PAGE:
Seattle: The Center of the Universe
With a title like this, IT panicked. A story about Starbucks? Luckily, writer Ali Busacca takes us about as far from the mainstream as possible, to a place that’s just downright odd. Yes, IT’s in bliss. She writes:
On a small traffic island along Fremont Avenue, a signpost displays the words, “Center of the Universe,” with an arrow pointing straight down.
The signpost, which also points to such destinations as the Milky Way, Atlantis, and the North Pole is just one of the quirky landmarks found in Fremont, a neighborhood in northern Seattle. Known for its artistic freedom, the area is sometimes referred to as “The People’s Republic of Fremont” and bears the motto, “De Libertas Quirkas,” meaning “Freedom to be Peculiar.”
A few blocks away, on North 36th Street, under the north end of the Aurora Bridge, stands an 18-foot (5-meter) tall troll. The sculpture, which took about seven weeks to complete, clutches a old style Volkswagen beetle in its left hand, rumored to have originally contained a time capsule of Elvis memorabilia. Interaction with the troll is encouraged.
On the corner of Evanston Avenue and 36th Street, attached to the side of a building, stands a 53-foot-tall (16-meter) bona fide 1950s Cold War rocket. Though it came to Fremont in 1991, it wasn’t officially erected until 1994 because, according to the Fremont Chamber of Commerce record of urban myth, “Beset with a comedy of engineering problems, the site was not to be, leaving the well intentioned team with the uncomfortable stigma of not being able to get it up.” The rocket was rebuilt with a new cone and new fins to make it more manageable.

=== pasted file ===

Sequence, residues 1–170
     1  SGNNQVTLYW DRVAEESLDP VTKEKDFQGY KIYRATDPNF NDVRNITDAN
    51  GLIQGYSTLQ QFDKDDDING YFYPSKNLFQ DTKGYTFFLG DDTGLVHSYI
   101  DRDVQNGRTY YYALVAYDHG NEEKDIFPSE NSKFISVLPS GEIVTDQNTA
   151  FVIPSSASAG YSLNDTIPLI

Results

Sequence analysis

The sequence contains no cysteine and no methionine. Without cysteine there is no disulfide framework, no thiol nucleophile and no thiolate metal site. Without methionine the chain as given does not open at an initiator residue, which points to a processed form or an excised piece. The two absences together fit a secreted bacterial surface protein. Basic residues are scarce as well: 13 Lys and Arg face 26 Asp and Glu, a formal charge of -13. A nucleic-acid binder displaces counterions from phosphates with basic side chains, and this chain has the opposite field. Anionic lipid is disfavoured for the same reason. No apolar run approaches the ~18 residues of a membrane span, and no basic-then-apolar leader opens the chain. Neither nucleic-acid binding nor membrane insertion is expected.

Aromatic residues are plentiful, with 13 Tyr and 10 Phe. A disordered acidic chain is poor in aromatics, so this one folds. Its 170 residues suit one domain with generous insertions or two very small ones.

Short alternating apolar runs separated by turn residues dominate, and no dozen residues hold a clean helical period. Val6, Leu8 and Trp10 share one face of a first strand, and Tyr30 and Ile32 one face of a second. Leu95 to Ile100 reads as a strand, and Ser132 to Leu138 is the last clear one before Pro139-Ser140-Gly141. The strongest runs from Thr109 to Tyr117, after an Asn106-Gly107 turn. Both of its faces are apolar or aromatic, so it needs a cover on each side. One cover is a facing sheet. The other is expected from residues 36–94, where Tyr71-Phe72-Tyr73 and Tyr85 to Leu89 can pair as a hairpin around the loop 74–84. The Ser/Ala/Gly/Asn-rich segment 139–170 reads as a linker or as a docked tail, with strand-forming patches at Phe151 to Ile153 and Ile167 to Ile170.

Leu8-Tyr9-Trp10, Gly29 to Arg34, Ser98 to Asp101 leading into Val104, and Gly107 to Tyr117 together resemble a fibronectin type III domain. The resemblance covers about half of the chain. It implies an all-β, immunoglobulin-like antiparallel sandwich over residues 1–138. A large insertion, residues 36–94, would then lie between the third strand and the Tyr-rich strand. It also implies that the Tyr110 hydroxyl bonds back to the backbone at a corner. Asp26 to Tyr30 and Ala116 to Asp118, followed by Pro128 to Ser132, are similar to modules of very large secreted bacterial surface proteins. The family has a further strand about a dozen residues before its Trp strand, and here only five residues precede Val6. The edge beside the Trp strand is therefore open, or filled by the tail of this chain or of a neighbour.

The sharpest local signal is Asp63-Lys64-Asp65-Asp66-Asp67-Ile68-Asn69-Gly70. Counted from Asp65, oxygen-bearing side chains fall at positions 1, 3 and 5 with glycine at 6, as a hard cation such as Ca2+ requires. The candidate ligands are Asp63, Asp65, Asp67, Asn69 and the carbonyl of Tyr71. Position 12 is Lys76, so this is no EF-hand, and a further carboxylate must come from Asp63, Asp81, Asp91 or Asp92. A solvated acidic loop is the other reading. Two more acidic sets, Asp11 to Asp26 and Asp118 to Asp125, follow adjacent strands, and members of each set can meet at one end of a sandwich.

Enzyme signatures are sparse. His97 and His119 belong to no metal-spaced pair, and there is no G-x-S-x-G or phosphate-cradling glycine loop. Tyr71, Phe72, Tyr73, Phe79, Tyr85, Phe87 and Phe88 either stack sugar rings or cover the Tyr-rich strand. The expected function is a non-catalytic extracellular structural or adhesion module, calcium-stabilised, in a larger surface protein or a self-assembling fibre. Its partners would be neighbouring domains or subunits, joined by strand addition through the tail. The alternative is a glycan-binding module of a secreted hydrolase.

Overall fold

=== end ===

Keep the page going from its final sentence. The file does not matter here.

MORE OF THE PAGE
The greatest find, however, was just down the street from the rocket. At 3400 Phinney Avenue, you can tour the first organic, fair-trade chocolate factory in the nation. Upon its opening in March 2006, Theo Chocolate became the 11th chocolate factory in the nation. While most U.S. factories apply only one roast, Theo’s 1930s second-hand machines use two, which creates richer, darker chocolate. The old cocoa bean shells become top fertilizer so when it rains, the workers say it smells like chocolate.The name “Theo,” stands for Theobromine, and translates to “food of the gods,” and on the tour, the free samples add up to much more than the $5 entry fee. Theo Chocolate has two product lines, its signature Theo bars, and the newest addition, the 3400 Phinney bars. I recommend the Theo Madagascar Bar, made of 65 percent chocolate and a citrus and cherry flavoring, and the Phinney Coffee Bar, also 65 percent chocolate. Private tours are available every day at 1 p.m. and 3 p.m., though reservations are recommended.
- Nat Geo Expeditions